Lack of corporate headquarters could hurt Snap Inc.

Tech company filings suggest diffuse office structure could hamper business

Feb.February 27, 2017 02:30 PM
Snap Inc.’s Market Street office, Evan Spiegel (Google Maps/Getty Images)

The disappearing act might work for its users. But a lack of visibility could hurt Snap Inc., as the parent company of Snapchat gets ready for its highly anticipated $3.2 billion initial public offering next week.

The company has no corporate headquarters, which could negatively impact its business, the Los Angeles Times reported.

None of the other 10 California-based tech companies with the biggest IPOs in the last 15 years went public without a centralized headquarters, according to the L.A. Times.

Snap makes a mention of its untraditional offices in its IPO filings. It has a principal office in Venice but its other buildings are spread out through the city, Santa Monica and abroad. The firm said lacking a corporate headquarters has the potential to negatively impact business and employee culture.

“This diffuse structure may prevent us from fostering positive employee morale and encouraging social interaction among our employees and different business units…[and] because our office buildings are dispersed throughout the area, we may be unable to adequately oversee employees and business functions,” the filings state.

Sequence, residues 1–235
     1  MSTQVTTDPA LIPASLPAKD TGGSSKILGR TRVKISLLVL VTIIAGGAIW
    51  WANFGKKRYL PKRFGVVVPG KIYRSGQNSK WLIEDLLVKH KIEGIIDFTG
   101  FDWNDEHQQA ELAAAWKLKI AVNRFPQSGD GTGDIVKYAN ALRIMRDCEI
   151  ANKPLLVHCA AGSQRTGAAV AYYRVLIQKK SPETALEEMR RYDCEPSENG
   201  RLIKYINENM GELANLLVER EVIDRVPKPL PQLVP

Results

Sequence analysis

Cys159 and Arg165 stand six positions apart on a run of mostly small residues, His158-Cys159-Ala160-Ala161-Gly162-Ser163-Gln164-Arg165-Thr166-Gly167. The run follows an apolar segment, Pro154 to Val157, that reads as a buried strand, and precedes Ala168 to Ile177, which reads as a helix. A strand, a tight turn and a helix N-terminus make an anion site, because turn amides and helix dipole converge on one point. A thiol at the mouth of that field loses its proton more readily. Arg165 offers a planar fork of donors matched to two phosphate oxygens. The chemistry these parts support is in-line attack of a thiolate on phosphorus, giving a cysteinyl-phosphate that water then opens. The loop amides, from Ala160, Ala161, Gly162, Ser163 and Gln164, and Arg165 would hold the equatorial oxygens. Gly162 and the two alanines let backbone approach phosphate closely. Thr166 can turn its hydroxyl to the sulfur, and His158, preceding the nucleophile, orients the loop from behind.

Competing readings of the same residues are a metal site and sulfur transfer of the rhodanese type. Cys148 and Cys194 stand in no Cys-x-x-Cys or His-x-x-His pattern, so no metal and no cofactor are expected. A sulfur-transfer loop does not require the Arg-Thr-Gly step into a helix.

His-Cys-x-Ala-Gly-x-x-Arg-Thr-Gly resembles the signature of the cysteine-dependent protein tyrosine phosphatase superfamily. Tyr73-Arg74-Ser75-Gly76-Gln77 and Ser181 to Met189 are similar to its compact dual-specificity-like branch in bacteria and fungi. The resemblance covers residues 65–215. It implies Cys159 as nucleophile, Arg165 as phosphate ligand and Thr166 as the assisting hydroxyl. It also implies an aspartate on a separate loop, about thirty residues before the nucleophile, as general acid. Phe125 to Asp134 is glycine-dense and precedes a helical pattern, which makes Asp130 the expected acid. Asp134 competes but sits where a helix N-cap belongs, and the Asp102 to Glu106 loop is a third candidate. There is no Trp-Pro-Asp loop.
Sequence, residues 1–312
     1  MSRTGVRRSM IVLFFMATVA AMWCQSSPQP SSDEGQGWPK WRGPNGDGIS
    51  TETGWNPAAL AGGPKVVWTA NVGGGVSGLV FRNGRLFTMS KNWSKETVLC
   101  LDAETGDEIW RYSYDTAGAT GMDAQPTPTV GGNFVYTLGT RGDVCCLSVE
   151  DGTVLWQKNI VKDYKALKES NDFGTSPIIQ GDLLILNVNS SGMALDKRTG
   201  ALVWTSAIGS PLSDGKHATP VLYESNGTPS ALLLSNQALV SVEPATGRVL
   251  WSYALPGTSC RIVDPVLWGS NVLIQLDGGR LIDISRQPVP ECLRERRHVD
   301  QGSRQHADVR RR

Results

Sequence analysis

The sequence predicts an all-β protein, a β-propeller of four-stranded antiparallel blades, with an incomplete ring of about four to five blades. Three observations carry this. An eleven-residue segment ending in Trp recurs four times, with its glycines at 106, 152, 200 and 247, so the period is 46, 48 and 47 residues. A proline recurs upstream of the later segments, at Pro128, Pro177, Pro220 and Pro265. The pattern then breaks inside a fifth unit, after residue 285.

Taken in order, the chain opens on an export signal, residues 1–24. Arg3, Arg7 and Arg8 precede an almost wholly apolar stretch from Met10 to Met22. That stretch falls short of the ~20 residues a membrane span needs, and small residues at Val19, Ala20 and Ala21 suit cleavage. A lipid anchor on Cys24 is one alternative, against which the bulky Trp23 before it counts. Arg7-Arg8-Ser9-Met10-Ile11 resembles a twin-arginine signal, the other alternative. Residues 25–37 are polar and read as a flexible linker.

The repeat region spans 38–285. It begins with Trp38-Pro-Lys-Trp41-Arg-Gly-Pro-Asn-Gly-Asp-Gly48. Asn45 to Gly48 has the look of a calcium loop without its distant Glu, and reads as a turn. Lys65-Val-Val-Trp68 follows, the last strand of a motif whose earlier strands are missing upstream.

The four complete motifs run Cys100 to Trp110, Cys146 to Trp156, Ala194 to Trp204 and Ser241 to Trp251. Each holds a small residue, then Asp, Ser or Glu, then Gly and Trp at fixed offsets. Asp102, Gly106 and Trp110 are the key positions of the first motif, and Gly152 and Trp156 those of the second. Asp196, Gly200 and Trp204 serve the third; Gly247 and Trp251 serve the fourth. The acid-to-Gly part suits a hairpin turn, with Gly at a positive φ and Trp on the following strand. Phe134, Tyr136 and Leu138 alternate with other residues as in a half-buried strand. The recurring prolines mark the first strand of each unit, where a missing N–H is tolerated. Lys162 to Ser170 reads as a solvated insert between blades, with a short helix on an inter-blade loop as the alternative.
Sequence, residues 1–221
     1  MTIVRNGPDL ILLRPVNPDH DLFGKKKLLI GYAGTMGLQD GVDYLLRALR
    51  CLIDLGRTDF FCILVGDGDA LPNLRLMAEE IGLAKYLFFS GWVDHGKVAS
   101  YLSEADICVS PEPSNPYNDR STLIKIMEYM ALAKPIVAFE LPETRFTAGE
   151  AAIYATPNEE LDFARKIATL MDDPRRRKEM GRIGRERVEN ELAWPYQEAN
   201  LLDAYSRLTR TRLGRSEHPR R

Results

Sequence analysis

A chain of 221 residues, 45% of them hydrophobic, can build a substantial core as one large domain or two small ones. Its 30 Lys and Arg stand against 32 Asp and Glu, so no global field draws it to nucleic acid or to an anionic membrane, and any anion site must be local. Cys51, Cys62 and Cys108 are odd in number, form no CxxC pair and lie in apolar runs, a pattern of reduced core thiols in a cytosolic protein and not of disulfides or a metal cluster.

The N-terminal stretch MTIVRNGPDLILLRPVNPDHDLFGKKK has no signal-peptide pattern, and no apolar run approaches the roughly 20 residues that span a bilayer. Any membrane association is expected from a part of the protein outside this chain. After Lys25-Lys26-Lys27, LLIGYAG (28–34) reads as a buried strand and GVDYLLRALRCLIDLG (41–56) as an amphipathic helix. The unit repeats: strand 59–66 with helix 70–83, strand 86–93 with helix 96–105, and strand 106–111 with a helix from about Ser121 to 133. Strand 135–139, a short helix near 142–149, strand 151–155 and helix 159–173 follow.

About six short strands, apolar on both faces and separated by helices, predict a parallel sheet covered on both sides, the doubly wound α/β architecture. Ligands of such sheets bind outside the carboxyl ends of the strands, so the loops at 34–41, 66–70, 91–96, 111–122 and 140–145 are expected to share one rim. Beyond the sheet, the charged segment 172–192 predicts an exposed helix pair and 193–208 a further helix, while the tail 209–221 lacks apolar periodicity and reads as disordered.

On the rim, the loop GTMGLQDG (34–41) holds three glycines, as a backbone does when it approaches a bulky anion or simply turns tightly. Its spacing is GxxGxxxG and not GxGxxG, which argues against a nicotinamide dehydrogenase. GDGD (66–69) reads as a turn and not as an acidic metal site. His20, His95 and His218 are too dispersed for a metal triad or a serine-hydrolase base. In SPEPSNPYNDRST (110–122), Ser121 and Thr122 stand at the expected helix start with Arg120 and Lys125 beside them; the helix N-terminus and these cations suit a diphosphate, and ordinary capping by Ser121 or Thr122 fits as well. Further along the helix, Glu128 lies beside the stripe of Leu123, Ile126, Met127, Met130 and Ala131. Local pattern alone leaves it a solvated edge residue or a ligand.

Sigal Barsade, professor of management at Wharton School of the University of Pennsylvania, told the Times consolidating offices helps bring people together. A company’s culture is often set from the top down and employees can become better acclimated when working near leadership.

It also helps cut costs, said Robert Mankin, partner at architecture firm NBBJ, to the Times. He said amenities such as yoga classes and even food services are better placed in one location.

“If you’re providing a food service, you don’t want to have to do that 15 times in 15 different locations,” said Mankin.

But investors are not too worried about the company’s diffuse office structure, according to the Times. Snap’s founder Evan Spiegel is seen as a game changer for the tech industry and the bottom line is investors have their eyes on two things – new users and increased revenue.

The Real Deal broke the news in November that Snap is looking to take up to 400,000 square feet in Santa Monica Business Park. Sources familiar with the talks, however, said that it would be an expansion, rather than a consolidation. [LAT]Subrina Hudson

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